The future looks bright
Sheila Kim -- Interior Design, 5/1/2003 12:00:00 AM
In the word-association game, management consulting is more likely to get you staid, impersonal, or corporate than colorful and energetic. But Accenture's Singapore office breaks the rules. Eco-id Architects and Design Consultancy, a local firm with numerous corporate interiors to its credit, went all out with saturated colors, curvy lines, and groovy graphics.
The office occupies a total of 61,000 square feet on six floors of Raffles City Tower, built by Pei Cobb Freed & Partners in 1986. Visitors arriving on the 34th floor immediately set foot on polished white faux marble, a sophisticated but professional welcome. The louvered aluminum cladding the elevator bank extends at half height to form the front surface of the reception desk, topped in honed faux marble.
Just beyond, in the center of the lobby, is what Eco-id principal director Boon Sim calls the arena, a triple-height elliptical space amid Pei's orthogonal architecture. Access to the two floors visible above is via a steel staircase with beech treads and a tempered-glass balustrade. Along the underside of each floor's curved balcony, lighting troughs frame the arena like parentheses.
Since windows ring the arena's entire perimeter, Eco-id designed extruded-aluminum louvers to diffuse Singapore's strong sunlight. The resulting dimness permits better viewing of the arena's suspended 20-by-26-foot screen, on which underwater scenes, rain-forest landscapes, and corporate promos are projected to accompanying music. "The images create a shifting mood throughout the day," explains Sim—who provided Christophe Pillet's Sunset chairs for anyone wishing to watch the show.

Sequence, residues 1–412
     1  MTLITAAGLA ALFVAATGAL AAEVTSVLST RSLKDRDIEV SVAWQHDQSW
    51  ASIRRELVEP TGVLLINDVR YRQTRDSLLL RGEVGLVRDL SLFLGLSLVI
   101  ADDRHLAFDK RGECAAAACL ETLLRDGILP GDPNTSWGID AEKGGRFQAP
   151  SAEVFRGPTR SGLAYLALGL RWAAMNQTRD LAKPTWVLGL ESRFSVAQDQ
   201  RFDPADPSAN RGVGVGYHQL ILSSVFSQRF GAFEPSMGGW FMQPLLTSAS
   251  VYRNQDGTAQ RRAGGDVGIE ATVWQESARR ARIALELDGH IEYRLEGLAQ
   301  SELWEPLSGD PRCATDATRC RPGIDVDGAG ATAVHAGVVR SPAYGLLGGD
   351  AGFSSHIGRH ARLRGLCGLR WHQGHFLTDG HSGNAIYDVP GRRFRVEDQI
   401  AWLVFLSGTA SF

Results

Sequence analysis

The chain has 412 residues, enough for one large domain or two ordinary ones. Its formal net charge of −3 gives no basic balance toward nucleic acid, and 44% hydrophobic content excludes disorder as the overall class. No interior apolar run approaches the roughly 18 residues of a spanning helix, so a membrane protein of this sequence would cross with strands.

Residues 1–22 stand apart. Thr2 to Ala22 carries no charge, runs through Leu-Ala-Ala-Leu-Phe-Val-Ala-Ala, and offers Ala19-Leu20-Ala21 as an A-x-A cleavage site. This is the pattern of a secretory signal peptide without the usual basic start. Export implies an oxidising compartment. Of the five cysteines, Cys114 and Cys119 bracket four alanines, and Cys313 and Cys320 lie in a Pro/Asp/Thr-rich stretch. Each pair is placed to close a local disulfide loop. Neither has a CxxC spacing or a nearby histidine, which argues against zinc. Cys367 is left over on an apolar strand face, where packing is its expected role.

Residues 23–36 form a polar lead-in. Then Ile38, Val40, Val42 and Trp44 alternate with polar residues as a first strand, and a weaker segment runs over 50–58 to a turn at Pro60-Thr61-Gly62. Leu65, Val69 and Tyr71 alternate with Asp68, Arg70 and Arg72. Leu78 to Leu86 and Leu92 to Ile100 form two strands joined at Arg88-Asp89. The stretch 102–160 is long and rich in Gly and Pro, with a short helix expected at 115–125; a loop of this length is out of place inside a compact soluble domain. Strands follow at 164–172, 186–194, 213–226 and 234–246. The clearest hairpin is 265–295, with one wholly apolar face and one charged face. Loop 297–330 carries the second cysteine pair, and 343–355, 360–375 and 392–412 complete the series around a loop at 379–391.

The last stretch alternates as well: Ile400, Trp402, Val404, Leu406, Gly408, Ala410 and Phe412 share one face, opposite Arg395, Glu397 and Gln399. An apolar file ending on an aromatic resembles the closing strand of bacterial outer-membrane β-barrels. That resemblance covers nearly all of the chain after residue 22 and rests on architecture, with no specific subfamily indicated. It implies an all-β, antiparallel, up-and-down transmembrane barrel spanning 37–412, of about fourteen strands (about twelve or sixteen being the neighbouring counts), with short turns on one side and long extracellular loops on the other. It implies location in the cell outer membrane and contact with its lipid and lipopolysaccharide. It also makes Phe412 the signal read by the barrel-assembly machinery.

Opening off this circulation hub are office areas, focus rooms, and lounges shot through with bright hues. Even the 30-seat boardroom makes a multicolored statement. The room's long interior wall, fronting the corridor, is two glass layers sandwiching a run of motorized blinds. When the blinds close for privacy, their white side faces in to serve as a background for the brainstorming notes and diagrams that employees scribble in white-board marker, right on the glass. The closed blinds' exterior side, meanwhile, is a subtly graduated composition of orange, yellow, and green.
The rainbow experience culminates in the staff café, where a vibrantly striped custom carpet runs parallel to a cantilevered stainless-steel counter with concealed power and data ports for staffers needing a change of scene. (What client presentation wouldn't be improved by an espresso, a fresh-squeezed orange juice, or Shin and Tomoko Azumi's LEM Piston stools in steel and plastic laminate?) The café's backlit sapphire-glass mural depicts a legendary Accenture event, the 2001 party celebrating the company name change from Anderson Consulting. In the mural's Abe Hirschfeld–like rendition, company higher-ups are depicted alongside dancers and sumo wrestlers.